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Paperback Diary of an Anorexic Girl Book

ISBN: 0849944058

ISBN13: 9780849944055

Diary of an Anorexic Girl

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Format: Paperback

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Book Overview

Morgan Menzie takes readers through a harrowing but ultimately hopeful and inspiring account of her eating disorder. Her amazing story is told through the journals she kept during her daily struggle... This description may be from another edition of this product.

Customer Reviews

6 ratings

Struggle And Recovery

This book discusses a young lady's battle with an eating disorder, and her determination to conquer it. I was constantly routing for her, and I love the ending.

Talk About Real!!!

Morgan Menzie's book was the first diary of an eating disorder I read, and is the reason why I continue to read more ED books. She unlike many ED authors talked about things other that just her eating disorder, such as relationships with friends, family and boyfriends. It's not a book that's all about anorexia but does emphasize more so than other subjects in her diary. In her book, I believe she cover about mmm... three or four years, I really can't remember. Anyway it's a long period of time. One thing that she does that annoys the heck out of me is that she'll skip a whole month of entries but I guess that's the author's way of cutting out insignificant things. Basically a girl named Blythe, which I think maybe be her middle name, becomes anorexic in middle school because of a friend. On of her friends begins to loose weight and Blythe decides she wants to loose to. But it goes beyond loosing weight it becomes a desire for thinness, and a fear of food. Another thing I love about this book is Morgan keeps it so real. She said one of the- the truest thing EVER published about our human ways. It's on page 49 and is the...um... 4th paragraph I believe since the book is copy written I don't want to post it without permission. But what she says in that paragraph is so overwhelmingly true that I had to put down the book and think about my life. Although what she says is completely irrelevant to her eating disorder I couldn't write this review without reference to that paragraph. Would I recommend it? Heck yeah! To anyone, even if you're not anorexic or never have been, even if you think the disease is stupid, anyone should get this book. Recoverees, havebeens, thinking about its and neverwillbees, get the book. You'll understand what it's like to have the disease for this one girl and may have a whole new outlook on anorexia.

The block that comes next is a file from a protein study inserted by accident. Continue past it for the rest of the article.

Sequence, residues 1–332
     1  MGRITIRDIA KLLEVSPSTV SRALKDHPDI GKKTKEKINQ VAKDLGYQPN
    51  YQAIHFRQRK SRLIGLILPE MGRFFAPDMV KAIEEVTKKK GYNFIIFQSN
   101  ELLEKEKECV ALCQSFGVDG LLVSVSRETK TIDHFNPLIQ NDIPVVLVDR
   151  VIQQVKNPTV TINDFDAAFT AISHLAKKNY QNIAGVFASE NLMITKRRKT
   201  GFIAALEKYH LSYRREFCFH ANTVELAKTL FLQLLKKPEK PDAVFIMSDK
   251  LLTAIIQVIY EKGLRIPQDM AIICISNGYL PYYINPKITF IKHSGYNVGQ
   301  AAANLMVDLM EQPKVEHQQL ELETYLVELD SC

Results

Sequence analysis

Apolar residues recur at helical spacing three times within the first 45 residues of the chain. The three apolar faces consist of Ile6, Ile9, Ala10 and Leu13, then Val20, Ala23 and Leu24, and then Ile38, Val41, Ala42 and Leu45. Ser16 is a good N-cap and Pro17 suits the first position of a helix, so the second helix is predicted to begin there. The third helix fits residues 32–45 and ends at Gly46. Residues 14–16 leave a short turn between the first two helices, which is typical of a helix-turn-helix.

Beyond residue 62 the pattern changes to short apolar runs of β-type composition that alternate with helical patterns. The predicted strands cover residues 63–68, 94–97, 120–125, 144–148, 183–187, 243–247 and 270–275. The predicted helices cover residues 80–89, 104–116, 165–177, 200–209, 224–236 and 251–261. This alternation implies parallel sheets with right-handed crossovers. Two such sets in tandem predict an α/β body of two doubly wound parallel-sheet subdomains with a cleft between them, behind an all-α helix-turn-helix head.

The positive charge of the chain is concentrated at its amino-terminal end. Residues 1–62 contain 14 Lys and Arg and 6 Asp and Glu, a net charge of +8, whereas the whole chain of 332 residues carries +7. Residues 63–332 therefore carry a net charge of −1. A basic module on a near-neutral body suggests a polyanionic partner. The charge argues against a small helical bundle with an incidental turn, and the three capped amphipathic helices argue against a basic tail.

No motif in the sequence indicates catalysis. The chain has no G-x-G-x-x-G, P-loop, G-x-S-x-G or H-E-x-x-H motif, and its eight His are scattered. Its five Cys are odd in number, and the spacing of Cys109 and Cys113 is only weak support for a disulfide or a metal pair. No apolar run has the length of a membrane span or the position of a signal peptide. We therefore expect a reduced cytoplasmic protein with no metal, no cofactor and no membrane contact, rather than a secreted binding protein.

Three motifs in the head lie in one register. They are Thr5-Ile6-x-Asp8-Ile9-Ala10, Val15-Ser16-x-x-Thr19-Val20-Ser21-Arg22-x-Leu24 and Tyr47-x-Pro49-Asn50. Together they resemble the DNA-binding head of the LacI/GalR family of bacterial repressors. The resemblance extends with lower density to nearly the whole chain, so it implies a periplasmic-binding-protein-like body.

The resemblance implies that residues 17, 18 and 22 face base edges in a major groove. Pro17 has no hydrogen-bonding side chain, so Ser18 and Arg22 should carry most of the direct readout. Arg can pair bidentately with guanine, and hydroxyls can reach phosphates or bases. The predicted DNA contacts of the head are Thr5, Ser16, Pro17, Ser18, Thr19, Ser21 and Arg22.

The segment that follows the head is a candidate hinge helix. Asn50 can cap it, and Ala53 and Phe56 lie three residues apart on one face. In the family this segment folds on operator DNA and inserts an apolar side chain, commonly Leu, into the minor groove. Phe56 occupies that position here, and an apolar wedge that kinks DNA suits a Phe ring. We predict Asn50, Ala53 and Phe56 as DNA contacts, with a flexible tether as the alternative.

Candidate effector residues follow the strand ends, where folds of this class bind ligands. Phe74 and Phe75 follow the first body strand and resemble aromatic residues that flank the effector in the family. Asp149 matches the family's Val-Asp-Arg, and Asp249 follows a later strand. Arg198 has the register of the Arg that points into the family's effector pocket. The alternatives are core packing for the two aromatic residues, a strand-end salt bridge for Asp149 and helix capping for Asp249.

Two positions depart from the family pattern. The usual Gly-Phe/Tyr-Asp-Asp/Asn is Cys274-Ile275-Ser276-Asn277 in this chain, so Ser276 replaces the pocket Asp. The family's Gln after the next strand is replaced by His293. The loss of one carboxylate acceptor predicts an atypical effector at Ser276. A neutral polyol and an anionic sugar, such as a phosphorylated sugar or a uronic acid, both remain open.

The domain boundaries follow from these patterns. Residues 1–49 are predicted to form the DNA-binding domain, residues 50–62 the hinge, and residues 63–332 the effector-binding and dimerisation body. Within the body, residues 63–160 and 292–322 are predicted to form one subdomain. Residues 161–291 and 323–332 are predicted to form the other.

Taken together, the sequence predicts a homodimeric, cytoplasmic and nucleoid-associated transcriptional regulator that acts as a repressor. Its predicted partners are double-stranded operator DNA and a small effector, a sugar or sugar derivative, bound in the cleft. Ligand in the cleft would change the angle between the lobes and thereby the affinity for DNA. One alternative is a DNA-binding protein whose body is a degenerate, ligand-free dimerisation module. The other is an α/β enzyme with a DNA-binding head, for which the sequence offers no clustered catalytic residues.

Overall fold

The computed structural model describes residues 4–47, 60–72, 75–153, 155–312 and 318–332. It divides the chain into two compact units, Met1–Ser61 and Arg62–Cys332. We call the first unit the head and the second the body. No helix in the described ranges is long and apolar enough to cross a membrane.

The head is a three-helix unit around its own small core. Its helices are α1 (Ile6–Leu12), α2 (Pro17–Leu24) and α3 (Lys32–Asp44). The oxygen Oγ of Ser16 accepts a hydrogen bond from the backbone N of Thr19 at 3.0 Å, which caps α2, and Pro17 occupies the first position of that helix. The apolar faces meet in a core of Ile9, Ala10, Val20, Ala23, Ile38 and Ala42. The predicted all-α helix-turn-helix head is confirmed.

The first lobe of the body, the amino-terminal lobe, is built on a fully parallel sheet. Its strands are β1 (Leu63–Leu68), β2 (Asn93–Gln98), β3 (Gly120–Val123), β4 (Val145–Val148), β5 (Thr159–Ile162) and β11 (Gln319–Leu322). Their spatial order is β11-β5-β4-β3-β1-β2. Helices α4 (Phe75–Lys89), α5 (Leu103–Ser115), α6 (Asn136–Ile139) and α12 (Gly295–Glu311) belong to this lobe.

As honest as STICK FIGURE: A DIARY OF MY FORMER SELF

After reading Lori Gottlieb's STICK FIGURE: A DIARY OF MY FORMER SELF, I didn't think I'd find another collection of diaries that spoke about anorexia with such honesty and compassion. I've struggled with anorexia, and both books (STICK FIGURE and this one) have been by my bedside because I find it helpful and comforting to read parts of them over and over. I strongly recommend both books for not just anorexics, but for families and friends who truly want to understand the experience and what they can do to help.

Amazing Insight

This book provided amazing insight into the life of a girl struggling with an eating disorder. It not only allows the reader to gain understanding of the complicated issues that are part of an eating disorder, but also portrays the other aspects of the girl's life and how they are affected. What makes this book truly enjoyable to read, however, is the witty style and the clever prose with which is was written. The young girl's comically melodramatic personality and wisdom beyond her years shine's through in each journal entry. Through the pages, Morgan Menzie materializes and leads the reader through a tearful,yet laughter-filled journey of her adolescence. This book is definitely one of those books where the reader sits down and reads until she is finished, and even then is somewhat saddened to have reached the last page.

A view from the inside.

"Diary of an Anorexic Girl" by Morgan Menzie is a novel, but it is based on the author's own life and the journal she kept as she struggled and finally succeeded in beating the addiction. I know the intended audience is young adults, but I think adults will gain a lot of understanding from hearing what anorexia is like from someone who has it. The best part of the story is the strength that Blythe draws from her faith in God and how that faith ultimately leads to her triumph.If you are anorexic, or have a family member or friend who is, or simply want to know more about what it is like to have this disorder, this book can open your eyes.

Good For Both Adults and Teens

Although the book is fictional, it is based on the wuthor's real-life experiences. This makes it more realistic than quite a lot of fictional books. The story is written in the style of a diary, from the point of view of Blythe. At the outset, she is 13, but gradually gets older as the book progresses. It is set in America. I don't want to give too much away about the plot, but Blythe's problems begin when she starts to compete with Laurie, another girl in her year who has anorexia. It spirals from there. I would recommend this book to both teenagers and adults as it's very good for an afternoon's reading. It's not too heavy, either.
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